29. 29. 4.1.S3 Testing for association between two species using the chi-squared test with data obtained by quadrat sampling. AND 4.1.S4 Recognizing and interpreting statistical significance. Data from: https://www.geography-fieldwork.org/ecology/hydrosere/4-data-analysis.aspx Testing for the association between two species using the Chi- squared test df p (% certainty) 0.5 (50%) 0.1 (90%) 0.05 (95%) 0.01 (99%) 0.001 (99.9%) 1 0.455 2.706 3.841 6.635 10.827 2 1.386 4.605 5.991 9.21 13.815 3 2.366 6.251 7.815 11.345 16.268 4 3.357 7.779 9.488 13.277 18.465 5 4.351 9.236 11.07 15.086 20.517 Null hypothesis (H0): There is no significant difference between the distribution of two species (i.e. distribution is random) Alternative hypothesis (H1): There is a significant difference between the distribution of species (i.e. species are associated) 6 Compare the χ2 value with the critical values and validate the hypotheses: Critical values for the χ2 distribution • It is usual to consider a result statistically significant at the 95% certainty (p <0.05) level. • As df = 1 that means the H0 is rejected if X2 > 3.841 • Since 11.10 > 3.84 H0 is rejected and H1 is accepted: there is an association between Marsh bedstraw and Bottle Sedge. n.b. In this case 11.10 > 10.827 we can go further and say that we are 99.9% certain there is an association between the two species.
  30. 30. 4.1.U8 A community forms an ecosystem by its interactions with the abiotic environment. http://www.slideshare.net/gurustip/communities-and-ecosystems
  31. 31. 4.1.U10 The supply of inorganic nutrients is maintained by nutrient cycling. Nutrient cycling The supply of nutrients is limited and therefore ecosystems constantly recycle the nutrients between organisms. Elements required by an organism for growth and metabolism are regarded as nutrients, e.g. carbon, nitrogen and phosphorous. • Autotrophs convert nutrients from inorganic form into organic molecules, e.g. carbon dioxide becomes glucose • Heterotrophs ingest other organisms to gain organic forms of nutrients • Saprotrophs breakdown organic nutrients to gain energy and in the process release nutrients back into inorganic molecules, e.g. fungi release nitrogen as ammonia into the soil. This ensures the continuing availability of nutrients to autotrophs. http://www.ib.bioninja.com.au/_Media/nutrient-cycling_med.jpeg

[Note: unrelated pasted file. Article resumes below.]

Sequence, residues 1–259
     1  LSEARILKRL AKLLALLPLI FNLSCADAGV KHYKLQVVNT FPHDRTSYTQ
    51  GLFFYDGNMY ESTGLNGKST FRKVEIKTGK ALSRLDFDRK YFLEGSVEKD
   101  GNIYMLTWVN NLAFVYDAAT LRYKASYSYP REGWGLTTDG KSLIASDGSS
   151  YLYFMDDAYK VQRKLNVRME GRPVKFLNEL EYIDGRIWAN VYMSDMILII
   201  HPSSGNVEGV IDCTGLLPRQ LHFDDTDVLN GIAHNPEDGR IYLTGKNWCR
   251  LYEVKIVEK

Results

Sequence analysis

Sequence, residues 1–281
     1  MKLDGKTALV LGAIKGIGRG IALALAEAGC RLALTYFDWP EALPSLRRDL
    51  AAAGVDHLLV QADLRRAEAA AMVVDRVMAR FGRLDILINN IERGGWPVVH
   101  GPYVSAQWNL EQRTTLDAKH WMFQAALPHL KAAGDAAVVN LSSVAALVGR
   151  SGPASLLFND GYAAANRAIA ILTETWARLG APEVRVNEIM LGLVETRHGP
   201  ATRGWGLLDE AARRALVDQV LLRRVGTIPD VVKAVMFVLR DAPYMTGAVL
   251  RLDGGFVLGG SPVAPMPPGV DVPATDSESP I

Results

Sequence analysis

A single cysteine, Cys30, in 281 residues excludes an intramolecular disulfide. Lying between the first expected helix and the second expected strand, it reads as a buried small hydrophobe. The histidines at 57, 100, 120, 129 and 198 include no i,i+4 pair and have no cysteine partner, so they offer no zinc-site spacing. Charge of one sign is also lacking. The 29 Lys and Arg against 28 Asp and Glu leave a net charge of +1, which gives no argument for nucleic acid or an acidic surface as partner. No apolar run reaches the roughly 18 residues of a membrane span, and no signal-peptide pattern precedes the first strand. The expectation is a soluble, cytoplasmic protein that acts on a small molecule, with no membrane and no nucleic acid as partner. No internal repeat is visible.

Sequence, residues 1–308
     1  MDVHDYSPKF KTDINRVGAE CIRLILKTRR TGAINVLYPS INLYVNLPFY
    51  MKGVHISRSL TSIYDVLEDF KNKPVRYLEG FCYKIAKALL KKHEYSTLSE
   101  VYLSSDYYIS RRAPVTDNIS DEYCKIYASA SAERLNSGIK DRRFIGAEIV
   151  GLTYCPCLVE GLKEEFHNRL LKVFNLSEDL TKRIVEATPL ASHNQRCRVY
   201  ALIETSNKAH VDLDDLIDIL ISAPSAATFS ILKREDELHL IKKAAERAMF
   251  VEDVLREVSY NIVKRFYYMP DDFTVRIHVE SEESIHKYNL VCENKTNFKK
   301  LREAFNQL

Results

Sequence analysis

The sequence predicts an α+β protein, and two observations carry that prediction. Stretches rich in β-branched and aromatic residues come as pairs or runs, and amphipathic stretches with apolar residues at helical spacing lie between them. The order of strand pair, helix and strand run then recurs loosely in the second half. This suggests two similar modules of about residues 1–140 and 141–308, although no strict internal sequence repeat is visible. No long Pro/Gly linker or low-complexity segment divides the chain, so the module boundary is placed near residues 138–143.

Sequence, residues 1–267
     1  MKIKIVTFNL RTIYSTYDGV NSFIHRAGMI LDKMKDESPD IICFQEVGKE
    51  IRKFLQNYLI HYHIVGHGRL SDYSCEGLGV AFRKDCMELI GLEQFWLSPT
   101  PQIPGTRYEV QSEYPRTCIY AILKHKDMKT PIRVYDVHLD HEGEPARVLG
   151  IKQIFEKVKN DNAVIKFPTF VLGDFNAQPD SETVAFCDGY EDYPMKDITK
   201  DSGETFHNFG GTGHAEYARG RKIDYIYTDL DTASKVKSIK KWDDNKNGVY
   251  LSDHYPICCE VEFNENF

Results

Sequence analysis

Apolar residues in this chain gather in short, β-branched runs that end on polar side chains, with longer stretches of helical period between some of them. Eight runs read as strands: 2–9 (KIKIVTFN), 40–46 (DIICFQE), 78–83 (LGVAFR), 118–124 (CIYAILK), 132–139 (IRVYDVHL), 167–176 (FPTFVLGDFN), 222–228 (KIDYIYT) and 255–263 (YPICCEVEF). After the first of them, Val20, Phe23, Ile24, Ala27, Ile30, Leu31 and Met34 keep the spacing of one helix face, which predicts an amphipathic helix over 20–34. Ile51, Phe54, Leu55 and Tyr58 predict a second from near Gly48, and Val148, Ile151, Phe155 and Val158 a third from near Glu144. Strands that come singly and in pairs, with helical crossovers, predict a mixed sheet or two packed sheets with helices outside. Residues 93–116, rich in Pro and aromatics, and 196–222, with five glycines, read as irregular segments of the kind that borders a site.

32. 32. 4.1.U11 Ecosystems have the potential to be sustainable over long periods of time. Ecosystems are sustainable To remain sustainable an ecosystem requires: • Continuous energy availability, e.g. light from the sun • Nutrient cycling - saprotophs are crucial for continuous provision of nutrients to producers • Recycling of waste – certain by products of metabolism, e.g. ammonia from excretion, are toxic. Decomposing bacteria often fulfill this role by deriving energy as toxic molecules are broken down to, simpler, less toxic molecules. Most flows of energy and nutrients in an ecosystem are between members of the biotic community. Relatively few flows of energy and nutrients enter or leave from surrounding ecosystems. Therefore ecosystems are to a large extent self-contained and hence self-sustaining. http://i.dailymail.co.uk/i/pix/2013/01/24/article-2267504-17212EB3000005DC-781_634x663.jpg
  33. 33. 4.1.S2 Setting up sealed mesocosms to try to establish sustainability. (Practical 5) Mesocosms are biological systems that contains the abiotic and biotic features of an ecosystem but are restricted in size and/or under controlled conditions. http://i.dailymail.co.uk/i/pix/2013/01/24/article-2267504-17212EB3000005DC-781_634x663.jpg The restriction placed on mesocosms make them useful for scientific investigations where the uncontrolled nature of a natural ecosystems makes it difficult to collect meaningful data. The mesocosm in the image has survived for 53 years since being sealed in the bottle: http://www.dailymail.co.uk/sciencetech/article-2267504/The-sealed-bottle-garden-thriving-40-years-fresh-air-water.html
  34. 34. 4.1.S2 Setting up sealed mesocosms to try to establish sustainability. (Practical 5) Mesocosms are biological systems that contains the abiotic and biotic features of an ecosystem but are restricted in size and/or under controlled conditions. http://i.dailymail.co.uk/i/pix/2013/01/24/article-2267504-17212EB3000005DC-781_634x663.jpg Build your own mesocosm and blog the changes you observe: http://scribbit.blogspot.com/2010/05/kids- summer-crafts-build-ecosystem.html Learn more about mesocosms developed for research: • The biosphere - http://archive.bio.ed.ac.uk/jdeacon/biosph ere/biosph.htm • Ecotron - http://www3.imperial.ac.uk/cpb/history/th eecotron
  35. 35. Bibliography / Acknowledgments